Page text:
the dalliance of the eagles

This weeks reading stirred my soul such that I went careening overboard. I was so moved with Beierwatles exposition on eros that I am beginning my post with a poem from Walt Whitman entitled The Dalliance of the Eagles. It would help the reader to know that when eagles mate, they mate for life. Their marriage ceremony consists of soaring high into the heavens whereupon the bride and groom lock talons and plummet together, spiraling towards the earth in a cosmic death/life spiral. A split second before hitting the ground they loose their talons and are bonded for life. If one of them were to release the others talons before the last possible second then the marriage is void and they search for another.

The Dalliance of the Eagles

SKIRTING the river road, (my forenoon walk, my rest,)
Skyward in air a sudden muffled sound, the dalliance of the eagles,
The rushing amorous contact high in space together,
The clinching interlocking claws, a living, fierce, gyrating wheel,
Four beating wings, two beaks, a swirling mass tight grappling,
In tumbling turning clustering loops, straight downward falling,
Till o’er the river pois’d, the twain yet one, a moment’s lull,
A motionless still balance in the air, then parting, talons loosing,
Upward again on slow-firm pinions slanting, their separate diverse flight,
She hers, he his, pursuing.

Since the time of St. Augustine, and arguably before, Christians have been mistrusting and suspicious of the “sensuous character’ of art.” In those days art had value because it could be a vehicle for transcendent truth. Augustine professed that art pointed beyond itself to the divine and through meditation and observation of the beautiful we could touch the essence of beauty at its source, i.e. the Good and beatific creator who is himself, “beauty beyond beauty.” Although art was held in high esteem with philosophers and theologians alike praising its transcendental properties, there remained a detached skeptisism concerning certain aspects of art and how it could lead a Christian into temptation. If art reflects the image of what is true and good and beautiful what kind of temptation are we trying to avoid?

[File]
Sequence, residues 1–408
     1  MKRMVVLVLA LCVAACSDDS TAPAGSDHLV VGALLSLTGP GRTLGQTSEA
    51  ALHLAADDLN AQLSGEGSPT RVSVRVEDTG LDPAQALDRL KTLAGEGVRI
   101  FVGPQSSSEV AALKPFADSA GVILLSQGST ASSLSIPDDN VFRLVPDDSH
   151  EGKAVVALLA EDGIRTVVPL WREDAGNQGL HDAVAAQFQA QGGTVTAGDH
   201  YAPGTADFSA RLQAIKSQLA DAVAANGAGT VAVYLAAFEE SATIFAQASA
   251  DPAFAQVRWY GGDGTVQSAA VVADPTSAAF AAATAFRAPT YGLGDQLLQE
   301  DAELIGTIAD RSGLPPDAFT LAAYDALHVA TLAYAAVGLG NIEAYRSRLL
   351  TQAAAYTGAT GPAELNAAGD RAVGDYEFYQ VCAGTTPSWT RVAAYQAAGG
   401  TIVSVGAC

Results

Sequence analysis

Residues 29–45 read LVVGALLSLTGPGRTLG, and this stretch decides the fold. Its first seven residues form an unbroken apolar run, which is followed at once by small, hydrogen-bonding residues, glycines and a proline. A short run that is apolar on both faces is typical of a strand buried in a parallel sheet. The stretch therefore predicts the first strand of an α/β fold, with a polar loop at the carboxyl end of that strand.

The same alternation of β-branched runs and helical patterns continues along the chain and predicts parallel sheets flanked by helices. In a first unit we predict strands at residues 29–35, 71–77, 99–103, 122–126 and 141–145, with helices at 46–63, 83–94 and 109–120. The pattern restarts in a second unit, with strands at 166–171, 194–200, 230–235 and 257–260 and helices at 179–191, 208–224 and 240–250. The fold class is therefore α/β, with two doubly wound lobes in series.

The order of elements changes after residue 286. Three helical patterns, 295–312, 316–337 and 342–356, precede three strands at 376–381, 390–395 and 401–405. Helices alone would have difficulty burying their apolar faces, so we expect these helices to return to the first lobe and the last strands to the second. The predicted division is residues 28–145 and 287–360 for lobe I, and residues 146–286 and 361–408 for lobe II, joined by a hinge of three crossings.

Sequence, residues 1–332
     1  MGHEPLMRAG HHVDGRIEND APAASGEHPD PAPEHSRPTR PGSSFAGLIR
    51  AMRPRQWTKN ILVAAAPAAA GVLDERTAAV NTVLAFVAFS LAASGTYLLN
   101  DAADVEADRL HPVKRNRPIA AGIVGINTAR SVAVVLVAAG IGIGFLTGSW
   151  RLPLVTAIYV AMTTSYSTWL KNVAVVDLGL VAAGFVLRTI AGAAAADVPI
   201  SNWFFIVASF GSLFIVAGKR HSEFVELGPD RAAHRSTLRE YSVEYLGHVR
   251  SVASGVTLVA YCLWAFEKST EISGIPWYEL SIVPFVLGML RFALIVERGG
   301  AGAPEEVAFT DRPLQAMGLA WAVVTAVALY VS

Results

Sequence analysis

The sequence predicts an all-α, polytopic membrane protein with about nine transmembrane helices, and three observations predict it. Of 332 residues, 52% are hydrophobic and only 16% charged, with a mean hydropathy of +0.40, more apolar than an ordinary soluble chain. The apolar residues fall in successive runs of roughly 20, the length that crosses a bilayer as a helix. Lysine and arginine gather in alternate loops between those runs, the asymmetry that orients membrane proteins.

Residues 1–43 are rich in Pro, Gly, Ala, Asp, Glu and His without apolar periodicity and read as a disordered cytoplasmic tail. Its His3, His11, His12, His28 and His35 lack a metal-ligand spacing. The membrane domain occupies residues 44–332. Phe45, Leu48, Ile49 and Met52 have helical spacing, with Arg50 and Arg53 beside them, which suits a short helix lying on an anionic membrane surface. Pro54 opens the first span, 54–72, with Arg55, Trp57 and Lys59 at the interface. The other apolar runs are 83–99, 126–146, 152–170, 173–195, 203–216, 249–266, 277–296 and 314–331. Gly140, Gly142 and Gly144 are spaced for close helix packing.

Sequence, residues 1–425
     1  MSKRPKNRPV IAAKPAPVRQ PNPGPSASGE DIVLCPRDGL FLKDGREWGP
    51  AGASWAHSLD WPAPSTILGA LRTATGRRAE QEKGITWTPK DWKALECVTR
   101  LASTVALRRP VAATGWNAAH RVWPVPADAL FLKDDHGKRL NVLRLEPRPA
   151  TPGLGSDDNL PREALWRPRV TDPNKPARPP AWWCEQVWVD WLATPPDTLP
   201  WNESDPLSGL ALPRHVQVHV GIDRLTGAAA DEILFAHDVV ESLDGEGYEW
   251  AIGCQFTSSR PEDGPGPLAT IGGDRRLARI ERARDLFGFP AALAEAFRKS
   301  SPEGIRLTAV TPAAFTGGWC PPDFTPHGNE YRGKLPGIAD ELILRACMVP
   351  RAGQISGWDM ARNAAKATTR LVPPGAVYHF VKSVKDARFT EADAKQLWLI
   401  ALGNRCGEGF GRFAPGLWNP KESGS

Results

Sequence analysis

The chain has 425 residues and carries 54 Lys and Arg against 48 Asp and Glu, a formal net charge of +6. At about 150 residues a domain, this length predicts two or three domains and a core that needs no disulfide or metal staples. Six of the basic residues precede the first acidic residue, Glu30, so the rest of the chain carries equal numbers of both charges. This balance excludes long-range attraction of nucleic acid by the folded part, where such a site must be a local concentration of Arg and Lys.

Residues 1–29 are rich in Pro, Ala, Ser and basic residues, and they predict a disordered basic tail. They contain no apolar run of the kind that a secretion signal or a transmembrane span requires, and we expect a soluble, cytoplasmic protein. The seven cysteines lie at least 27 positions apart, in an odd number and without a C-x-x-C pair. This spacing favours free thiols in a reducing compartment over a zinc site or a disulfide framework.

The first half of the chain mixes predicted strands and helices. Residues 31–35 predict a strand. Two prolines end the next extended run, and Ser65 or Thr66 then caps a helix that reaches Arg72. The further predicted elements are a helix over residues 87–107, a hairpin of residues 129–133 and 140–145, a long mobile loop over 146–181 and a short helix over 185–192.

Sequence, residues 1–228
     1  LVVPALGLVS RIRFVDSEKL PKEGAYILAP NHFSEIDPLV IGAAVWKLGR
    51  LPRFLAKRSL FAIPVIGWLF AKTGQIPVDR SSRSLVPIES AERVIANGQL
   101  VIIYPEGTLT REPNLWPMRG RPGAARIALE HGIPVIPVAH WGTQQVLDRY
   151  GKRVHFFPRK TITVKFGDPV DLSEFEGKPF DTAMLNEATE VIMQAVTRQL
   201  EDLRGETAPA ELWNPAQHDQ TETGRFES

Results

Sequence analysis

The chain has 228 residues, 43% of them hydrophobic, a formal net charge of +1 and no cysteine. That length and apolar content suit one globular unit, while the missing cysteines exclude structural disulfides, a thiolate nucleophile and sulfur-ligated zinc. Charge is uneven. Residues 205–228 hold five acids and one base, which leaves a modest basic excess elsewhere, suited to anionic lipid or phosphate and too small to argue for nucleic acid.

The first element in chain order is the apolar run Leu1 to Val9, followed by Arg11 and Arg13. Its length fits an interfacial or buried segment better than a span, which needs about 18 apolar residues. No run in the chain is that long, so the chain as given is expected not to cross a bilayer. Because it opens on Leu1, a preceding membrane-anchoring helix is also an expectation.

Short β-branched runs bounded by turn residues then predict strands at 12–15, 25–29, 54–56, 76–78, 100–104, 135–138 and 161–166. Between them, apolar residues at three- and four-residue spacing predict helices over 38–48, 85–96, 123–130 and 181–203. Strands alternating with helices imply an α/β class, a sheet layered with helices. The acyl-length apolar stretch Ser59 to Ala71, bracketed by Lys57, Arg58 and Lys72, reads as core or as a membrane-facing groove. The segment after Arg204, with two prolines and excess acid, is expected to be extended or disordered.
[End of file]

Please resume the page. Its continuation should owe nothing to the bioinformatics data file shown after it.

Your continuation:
Here we have the distrust and imprisoning of the true eros. Eros, in modern church circles, is usually defined as merely sexual love and sex is definitely taboo. But eros, as defined by Beierwaltes is, “… the initiating, moving, and perfecting element of dialectical ascent and assimilation to the origin.” He goes on to say that, “… eros leads the wandering soul away from the uncertain mere semblance into the bright sphere of the origin of beauty and thereby effects the soul’s transition into the intellect, its own radiance.” Eros is the attractive force in God which calls to all men through nature, beauty, their spouse and children, it whispers on the wind and touches the still pond with a perfect ripple, it yearns in poetry and longs in music, it invites with story and leads with dance, it calls to all the earth with the same voice which formed the earth reflecting the form of beauty which is beyond beauty and harkens all to come to the very fount and source of all that is and will ever be breathtaking, the face of God.
Somehow we traded ecstasy for apathy and passion for predictability. If we refuse the invitation of eros, then we might as well get a block of wood and start carving our own household gods! But if we will, in the metaphorical language of Plotinus allow our souls to be, “…thrown into the chaos of passion, filled with barbs, warmed, awakened, strengthened, truly winged and in the movement of memory toward the origin, made light” then, Plotinus writes, we will become eros. Our souls once united with the “beauty beyond beauty” will lose themselves in the brilliance of the interlocking gaze of the beloved and his bride. Like the Dalliance of the Eagles we will lock talons with the eternal and fall swiftly to the earth in the complete ecstasy of losing our lives in him that we may find his life in us before we hit the ground.

Some final thoughts on eros. How often in my life have I refused the Lords invitation? How many times has he stood at my door and knocked while I rolled over in bed and pulled the covers over my head, then in a moment of panic thrown off the covers and raced to the door only to find that my lover has vanished into the mist. Though I pursue him in the streets I cannot return to the knock on my door even as its terrible echo resonates in my grief. Grief at having let inspiration pass. Grief because he wanted me, to talk to me and show me something of his heart. Grief born of self interest and comfort instead of sacrificial love. Eros means to me, to turn aside accepting the Lords invitation, altering my perception thus plunging me into the stream of divine revelation. To resist his passion is to numb my heart and deaden my senses to the point of unfeeling. That is a spiritual and emotional death divorced from the goodness of the Lord. To open myself to his love is life in the fullest, spilling out, giving shape, texture, contour, color, emotion, purpose and pleasure to every living thing I see and to every breath I breathe. Indeed, he dwells in another atmosphere entirely, one which draws me out of myself and into a dance, a fire, a spectrum- shinning forever in every direction.

So I lock my talons with his. I lock my talons with the life he has given me. With my wife I lock my talons, with my family and writing and work and music and friends I lock my talons. All that is life is his gift and I will not let him go even as we spiral into the vast unkown.

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